I agree, though, that Bill had every advantage. Great post. +1

    • 1
Nov 28, 2018

Gates is a smart dude, but I doubt he's as smart as everyone thinks he is. If he really was reeking of excellence, every atom in his body, his first venture Traf-O-Data wouldn't have been a failure.

Lastly, at his level, most of the work done is done by delegation.

What I will give credit to gates is for his:
Drive/Ambition
Tenacity
Dynamic ism
Leadership skills
Team management
Emotional IQ and street smartness/business acumen

Anyone who knows anything about Traf-O-Data knows Gates is just a life long schemer. If it wasn't Microsoft, it would've been something else. People like gates think of money all day, and how to make it.

Gates like John D Rockefeller or JP Morgan, is a schemer. They see an idea, see the money in it, and pursue it relentlessly. Any business, any industry - the goals are the same, the means to the end change.

I personally like Bill Gates, but I doubt IQ point for IQ point, he's really all that. A guy with godly intelligence would get everything right at first go. Microsoft had some missteps. Not to mention, it was Gates' second company. Gates of course, being ever so glad to oversell his successes and hide his shortcomings, will be grinning when all the suckers dismiss the convenient facts that make him as mortal as anyone else.

Bill Gates = used car salesman + programmer + encyclopedia + financial analyst + pleasant neighbor + Elon Musk ambition x 3

^==== Nowhere above will I ever add words like Einstein, blah blah.

D.I.

    • 1
    • 4
Nov 28, 2018

Larry Ellison, on someone suggesting that Gates was brilliant:

"Bill Gates, brilliant? Really?... I think Bill is a very bright guy, but I don't think his strength is in his intellect at all. It's in his relentlessness."

That said, dude came in 3rd in Harvard's notoriously difficult Math 55 course...

Nov 28, 2018

Look, Bill Gates is a smart guy. But he doesn't pee excellence and poo diamonds. That's my only assertion.

If he was anywhere near as smart as people think he is - his first company and business Traf-O-Data would've been a success since the grand genius would've had it all figure from day 1.

Without the success of Microsoft, nobody would know or even hear of Bill Gates and he'd just be another get rich quick schemer who tried.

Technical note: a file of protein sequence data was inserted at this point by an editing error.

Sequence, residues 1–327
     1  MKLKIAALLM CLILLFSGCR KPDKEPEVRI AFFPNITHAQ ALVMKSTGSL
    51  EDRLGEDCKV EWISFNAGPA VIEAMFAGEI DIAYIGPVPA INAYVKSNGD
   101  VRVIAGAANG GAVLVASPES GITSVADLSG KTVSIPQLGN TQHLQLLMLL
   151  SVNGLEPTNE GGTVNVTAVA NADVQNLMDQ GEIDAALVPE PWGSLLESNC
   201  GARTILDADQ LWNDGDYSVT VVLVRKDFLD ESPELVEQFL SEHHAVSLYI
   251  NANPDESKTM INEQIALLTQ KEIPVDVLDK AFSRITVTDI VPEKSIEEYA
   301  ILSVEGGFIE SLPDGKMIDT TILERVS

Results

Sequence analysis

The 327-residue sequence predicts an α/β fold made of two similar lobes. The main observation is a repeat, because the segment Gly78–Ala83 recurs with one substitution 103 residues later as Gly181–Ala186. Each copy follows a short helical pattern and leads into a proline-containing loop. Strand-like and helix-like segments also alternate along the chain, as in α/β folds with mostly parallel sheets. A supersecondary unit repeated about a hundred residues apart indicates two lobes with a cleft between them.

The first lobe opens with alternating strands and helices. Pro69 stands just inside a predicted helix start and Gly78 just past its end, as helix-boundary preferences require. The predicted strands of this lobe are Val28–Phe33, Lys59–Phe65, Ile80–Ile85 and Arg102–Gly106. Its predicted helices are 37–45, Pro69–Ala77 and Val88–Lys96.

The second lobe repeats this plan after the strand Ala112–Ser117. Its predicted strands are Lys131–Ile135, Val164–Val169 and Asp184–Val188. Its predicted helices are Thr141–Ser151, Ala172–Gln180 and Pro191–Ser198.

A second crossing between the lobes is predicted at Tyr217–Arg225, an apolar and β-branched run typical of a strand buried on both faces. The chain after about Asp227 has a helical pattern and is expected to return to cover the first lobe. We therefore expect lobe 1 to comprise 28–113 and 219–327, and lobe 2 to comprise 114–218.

Bill Gates life paths alter quite a bit

Life after Traf-O-Data : Give up on business, finish school, stay at some job or keep tinkering with business schemes with dubious levels of success. No wikipedia page, no fame and name, no private jets. Just another schemer amongst the millions.

Let's also not forget that the contract for the operating system was supposed to go to a guy that died in a bar room brawl.

Bill Gates had an insane amount of success in his life that is more or less equivalent to his levels of luck. I know people in America that are born to heroin addicts and have been conditioned from childhood to become blue collar workers.

But Bill Gates' real genius lays in understanding his level of luck, exploiting his networks and using his vantage point in the world economy to propel himself into the titan of business he is today. And for that reason, I'll salute him because it takes a competent person to do so. But all the pixie dust and bill gates high god from heavens is BS. I don't find it impressive when someone works a gazillion people under him like dogs, makes billions, and then gets all the credit.

I've met a billionaire or two, and they're bright no doubt, but the secret of their success is mostly based on the competence levels of the hordes that they hire and work to death.

D.I.

    • 1
Nov 28, 2018

there's also a theory like malcolm gladwell believes that if they weren't born in the mid 1950's, they wouldn't have attained the wealth they did, I mean the fac tthat 14 of the 75 richest people in recorded history were all born within 9y of each other says something.

then again, there were 41 million people born in the 50's, and over 4.1 million people born the same year as Gates, and there's only one Bill Gates, so idk how you square that.

    • 2
Nov 28, 2018

What I took from outliers:

Special people are a result of special genetics shaped by special circumstances.

It works for outliers on the other end of the spectrum too: the worst known serial killers were all active in the 70's & 80's, meaning born in the ~50s... something to do with post WW2 births?

Lately I've gravitated to the idea that Free Will is an illusion, that we're all just slaves to the laws of physics.

Funniest
Nov 29, 2018

bill gates

    • 8
Nov 29, 2018

.

Nov 29, 2018